'MFN status to India paradigmatic shift in policy'
Islamabad: President Asif Ali Zardari on Wednesday said that granting Most Favoured Nation-status to India was a "paradigmatic shift in policy driven by the business sectors on both sides of the border".
Zardari made the remarks at a dinner hosted by the Lahore Chambers of Commerce and Industry at the presidency in Islamabad.
"The decision would reconstruct the region's economies and increase its stability," he said.
The dinner was attended by envoys, diplomats, members of the LCCI executive committee, several Governors, federal ministers and parliamentarians.
Pakistan recently switched over to a negative list regime for trade, paving the way for MFN-status to be granted to India by the beginning of new year.
Under the new regime, the import of only 1,209 Indian items has been barred by the government.
Zardari said Pakistan is committed to promoting an investor-friendly environment and is offering the most liberal investment policy regime in the region.
The incentives include full repatriation of capital, capital gains, dividends and profits, he said.
He listed poor infrastructure, power cuts and an inadequate gas supply among the major challenges to Pakistan’s economy. Another major issue was the lack of access to international markets, which would allow Pakistan to focus on trade and not aid, he said.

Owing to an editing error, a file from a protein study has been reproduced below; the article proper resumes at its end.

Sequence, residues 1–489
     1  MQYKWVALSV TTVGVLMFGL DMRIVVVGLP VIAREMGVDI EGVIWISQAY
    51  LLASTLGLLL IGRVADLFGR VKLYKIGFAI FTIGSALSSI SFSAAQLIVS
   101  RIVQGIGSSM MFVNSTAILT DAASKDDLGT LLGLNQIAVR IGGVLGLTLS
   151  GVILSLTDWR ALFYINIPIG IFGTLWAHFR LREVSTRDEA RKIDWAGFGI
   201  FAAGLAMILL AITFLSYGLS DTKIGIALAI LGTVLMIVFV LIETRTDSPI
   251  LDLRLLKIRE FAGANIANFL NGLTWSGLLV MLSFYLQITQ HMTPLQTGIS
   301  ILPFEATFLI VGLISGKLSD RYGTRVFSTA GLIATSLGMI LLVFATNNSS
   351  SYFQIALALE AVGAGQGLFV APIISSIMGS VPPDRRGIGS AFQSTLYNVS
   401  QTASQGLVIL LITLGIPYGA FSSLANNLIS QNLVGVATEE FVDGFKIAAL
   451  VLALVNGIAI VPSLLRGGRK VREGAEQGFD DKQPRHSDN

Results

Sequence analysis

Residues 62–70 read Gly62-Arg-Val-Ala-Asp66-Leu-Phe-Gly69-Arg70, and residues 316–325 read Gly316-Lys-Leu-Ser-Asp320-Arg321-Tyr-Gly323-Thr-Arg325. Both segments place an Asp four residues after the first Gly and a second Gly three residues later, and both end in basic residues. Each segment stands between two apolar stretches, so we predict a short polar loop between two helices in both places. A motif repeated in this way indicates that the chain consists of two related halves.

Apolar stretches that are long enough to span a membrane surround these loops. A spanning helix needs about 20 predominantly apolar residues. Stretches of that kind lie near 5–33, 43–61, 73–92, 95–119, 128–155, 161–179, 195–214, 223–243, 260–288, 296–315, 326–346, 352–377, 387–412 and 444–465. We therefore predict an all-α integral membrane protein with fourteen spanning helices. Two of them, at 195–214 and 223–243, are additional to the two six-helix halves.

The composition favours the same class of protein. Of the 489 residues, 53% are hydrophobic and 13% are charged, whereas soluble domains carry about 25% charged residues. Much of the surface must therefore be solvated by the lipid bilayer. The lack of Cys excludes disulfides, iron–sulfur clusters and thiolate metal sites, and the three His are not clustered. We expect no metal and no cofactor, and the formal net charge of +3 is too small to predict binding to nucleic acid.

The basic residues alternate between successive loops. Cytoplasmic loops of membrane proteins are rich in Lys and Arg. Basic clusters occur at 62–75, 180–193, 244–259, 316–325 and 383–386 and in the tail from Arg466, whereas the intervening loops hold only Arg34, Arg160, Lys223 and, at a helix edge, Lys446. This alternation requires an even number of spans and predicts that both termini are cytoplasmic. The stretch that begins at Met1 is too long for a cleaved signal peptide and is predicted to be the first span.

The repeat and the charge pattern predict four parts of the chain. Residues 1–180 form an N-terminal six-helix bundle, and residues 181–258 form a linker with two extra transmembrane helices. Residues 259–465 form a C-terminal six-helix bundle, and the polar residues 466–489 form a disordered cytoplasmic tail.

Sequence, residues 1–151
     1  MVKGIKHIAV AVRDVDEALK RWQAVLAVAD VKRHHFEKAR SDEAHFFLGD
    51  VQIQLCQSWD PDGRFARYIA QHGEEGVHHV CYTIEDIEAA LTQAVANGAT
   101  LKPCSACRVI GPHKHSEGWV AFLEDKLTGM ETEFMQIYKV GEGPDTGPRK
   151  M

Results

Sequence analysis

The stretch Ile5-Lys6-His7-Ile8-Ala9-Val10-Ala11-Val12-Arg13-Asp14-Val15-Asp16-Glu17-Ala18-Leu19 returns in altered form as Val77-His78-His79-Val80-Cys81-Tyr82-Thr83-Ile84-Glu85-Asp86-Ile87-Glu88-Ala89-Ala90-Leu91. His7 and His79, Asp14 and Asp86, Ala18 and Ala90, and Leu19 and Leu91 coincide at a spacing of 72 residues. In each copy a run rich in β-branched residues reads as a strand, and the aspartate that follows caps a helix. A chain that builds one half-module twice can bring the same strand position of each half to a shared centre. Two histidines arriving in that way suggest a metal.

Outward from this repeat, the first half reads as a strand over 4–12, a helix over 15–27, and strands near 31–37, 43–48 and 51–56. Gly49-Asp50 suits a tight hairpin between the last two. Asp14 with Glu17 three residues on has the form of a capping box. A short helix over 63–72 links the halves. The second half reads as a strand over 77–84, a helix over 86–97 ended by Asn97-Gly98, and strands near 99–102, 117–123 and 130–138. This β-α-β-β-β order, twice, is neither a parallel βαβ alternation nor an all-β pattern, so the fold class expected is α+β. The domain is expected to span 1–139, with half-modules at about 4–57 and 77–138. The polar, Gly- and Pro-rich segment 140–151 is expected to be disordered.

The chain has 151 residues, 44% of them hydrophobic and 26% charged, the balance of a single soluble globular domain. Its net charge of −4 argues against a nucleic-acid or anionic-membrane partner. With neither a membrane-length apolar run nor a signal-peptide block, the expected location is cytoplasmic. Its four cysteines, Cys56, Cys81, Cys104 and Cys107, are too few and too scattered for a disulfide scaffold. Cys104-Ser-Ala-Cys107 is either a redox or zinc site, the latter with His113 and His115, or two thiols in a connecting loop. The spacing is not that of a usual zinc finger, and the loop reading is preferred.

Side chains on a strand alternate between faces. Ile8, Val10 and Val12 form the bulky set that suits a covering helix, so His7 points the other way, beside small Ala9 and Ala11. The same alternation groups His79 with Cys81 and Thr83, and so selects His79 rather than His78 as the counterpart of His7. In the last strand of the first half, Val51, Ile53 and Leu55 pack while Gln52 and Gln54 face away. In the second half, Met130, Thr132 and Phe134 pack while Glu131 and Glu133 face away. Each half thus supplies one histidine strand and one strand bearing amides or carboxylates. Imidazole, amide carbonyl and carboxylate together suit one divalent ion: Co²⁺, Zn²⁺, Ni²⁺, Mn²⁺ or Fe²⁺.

Zardari called on the international community to invest in Pakistan and said his government will provide the "best possible enabling environment for foreign investments".
"Pakistan is committed to promote an investor-friendly environment and it has much more to offer than bad news only," he said.
The most pressing economic problem is the energy crisis, which is at the root of all economic problems, he said.
Efforts are underway to increase electricity production and the government wants to diversify sources of power generation and is working on coal, thermal and wind power plants, he added.
The government is also seeking to import gas and electricity from other countries and progress has been made in this regard, Zardari said.
Zardari also highlighted the impact of the war on terror on Pakistan's economy and development and said the country has lost over USD 100 billion in foreign investment and progress in many social programmes had to be frozen.
This year, real growth in gross domestic product is likely to reach four per cent, which will be nearly double last year's rate.
During the first nine months of the current year, tax collection increased by 24 percent while exports increased by 5.5 percent over last year's base of USD 25 billion.